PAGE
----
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Why Tencent Is Poised to Profit From Fortnite Mania

By Aaron Pressman and Adam Lashinsky May 17, 2018

Now you see me. There were some clues this week about the two tech giants searching for second headquarters sites. Apple was said to be talking to officials in the Raleigh, Durham, and Chapel Hill areas of North Carolina as well as exploring the Northern Virginia region. Amazon has visited all 20 cities on its list of finalists, including both of Apple’s possible targets, suggesting a final decision could be coming soon. While Jeff Bezos’ company continues the HQ2 hunt, another Amazon search is not going so well. The company’s joint venture on health care with Berkshire Hathaway and J.P. Morgan Chase is having trouble finding a CEO, CNBC reported.

Running in place. Amazon’s biggest e-commerce competitor, Walmart, is doing better but still falling behind. The retail giant said its online sales jumped 33% in its most recent quarter, accelerating from a 23% rate of growth in the fourth quarter of last year. Amazon’s first quarter revenue, however, jumped 43%. Overall revenue at Walmart, including sales from its 12,000 stores, grew 4% to $122.7 billion. Another Amazon target, grocery chain Kroger, said it was partnering with British online grocer Ocado to expand its home delivery business.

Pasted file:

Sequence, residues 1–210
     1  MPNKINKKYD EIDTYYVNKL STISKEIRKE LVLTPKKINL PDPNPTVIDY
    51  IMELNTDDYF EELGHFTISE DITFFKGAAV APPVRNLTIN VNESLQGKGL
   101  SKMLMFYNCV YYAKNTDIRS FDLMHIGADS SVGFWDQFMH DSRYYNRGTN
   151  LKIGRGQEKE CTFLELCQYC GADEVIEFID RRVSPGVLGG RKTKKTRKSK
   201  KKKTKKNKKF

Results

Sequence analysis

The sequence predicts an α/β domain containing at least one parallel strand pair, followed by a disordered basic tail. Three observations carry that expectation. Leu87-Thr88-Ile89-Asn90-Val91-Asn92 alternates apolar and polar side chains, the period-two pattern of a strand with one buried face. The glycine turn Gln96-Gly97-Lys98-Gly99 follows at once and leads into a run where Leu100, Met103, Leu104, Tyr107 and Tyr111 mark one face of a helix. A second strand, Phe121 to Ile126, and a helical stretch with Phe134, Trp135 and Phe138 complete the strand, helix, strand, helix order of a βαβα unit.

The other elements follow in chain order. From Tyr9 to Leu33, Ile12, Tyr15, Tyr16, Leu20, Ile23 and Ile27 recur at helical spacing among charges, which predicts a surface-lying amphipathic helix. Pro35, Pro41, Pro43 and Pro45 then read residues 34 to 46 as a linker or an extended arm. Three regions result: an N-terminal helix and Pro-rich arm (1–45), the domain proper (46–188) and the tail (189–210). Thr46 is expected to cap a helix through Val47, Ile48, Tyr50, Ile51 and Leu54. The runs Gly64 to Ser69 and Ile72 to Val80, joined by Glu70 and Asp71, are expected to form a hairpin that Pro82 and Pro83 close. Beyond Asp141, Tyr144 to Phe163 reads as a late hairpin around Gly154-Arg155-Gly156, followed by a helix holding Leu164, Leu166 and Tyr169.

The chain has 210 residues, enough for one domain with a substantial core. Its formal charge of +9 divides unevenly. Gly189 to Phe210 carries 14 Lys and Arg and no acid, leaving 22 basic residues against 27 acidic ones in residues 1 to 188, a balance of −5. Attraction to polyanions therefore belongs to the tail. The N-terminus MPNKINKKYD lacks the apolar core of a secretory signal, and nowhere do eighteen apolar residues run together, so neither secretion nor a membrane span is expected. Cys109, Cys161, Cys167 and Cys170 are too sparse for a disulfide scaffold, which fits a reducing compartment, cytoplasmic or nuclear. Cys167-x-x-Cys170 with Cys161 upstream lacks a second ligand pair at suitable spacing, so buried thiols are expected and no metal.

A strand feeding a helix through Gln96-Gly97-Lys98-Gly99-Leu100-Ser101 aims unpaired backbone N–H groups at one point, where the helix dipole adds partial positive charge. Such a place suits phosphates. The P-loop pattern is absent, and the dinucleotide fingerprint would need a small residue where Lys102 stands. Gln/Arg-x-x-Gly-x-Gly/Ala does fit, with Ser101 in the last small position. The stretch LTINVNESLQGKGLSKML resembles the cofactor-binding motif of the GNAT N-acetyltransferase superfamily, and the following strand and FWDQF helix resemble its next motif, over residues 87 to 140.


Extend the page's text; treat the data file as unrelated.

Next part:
Running in place, part two. As expected, all 49 Democratic members of the Senate plus three Republicans voted to stop the Federal Communications Commission from repealing its 2015 net neutrality rules. But the move is unlikely to pass the House or be signed by President Trump, so the next battle over net neutrality will likely occur in federal court after the June 11 repeal takes effect.

Leaping ahead. Bain Capital Ventures hired its first female partner, Sarah Smith, a former executive at Facebook and Quora. Based in San Francisco, Smith will focus on early-stage investments in business and consumer technologies and marketplaces. Most recently, Smith was as an investor at Graph Ventures, where she funded more than 20 seed and Series A investments, including BetterUp, Winnie, Motion, OhmniLabs, Heartbeat, Strive, and Twine.

Ha ha. The jokesters at the Securities and Exchange Commission hammed it up with a parody web site meant to focus attention on the dangers of investing in digital currencies and initial coin offerings. The agency’s fake HoweyCoins promotional web site is said to be an homage to a famous 1946 Supreme Court decision, SEC v W.J. Howey, which helped define some financial transactions as securities subject to SEC oversight.

Going up. Online training software developer PluralSight went public at $15 a share and starts trading on Thursday under the symbol “PS.” The offering, which raised $357 million, was massively oversubscribed, so the shares are likely to experience a significant pop later today.

First learn stand, then learn fly. YouTube Red’s video series Cobra Kai, a spinoff of the Karate Kid films, was the most watched streaming show last week, beating Hulu’s The Handmaid’s Tale and Netflix’s 13 Reasons Why and Arrested Development, according to data from Parrot Analytics obtained by Variety. Meanwhile, Google is shaking up its pay video service, renaming it YouTube Premium, and switching around its music service, as well. CNet has the details.

Less expensive. Chinese smartphone maker OnePlus unveiled its newest flagship. The OnePlus 6 has a 6.3-inch high-definition screen and other top-end specs, but will only cost $529 when it goes on sale worldwide next week.

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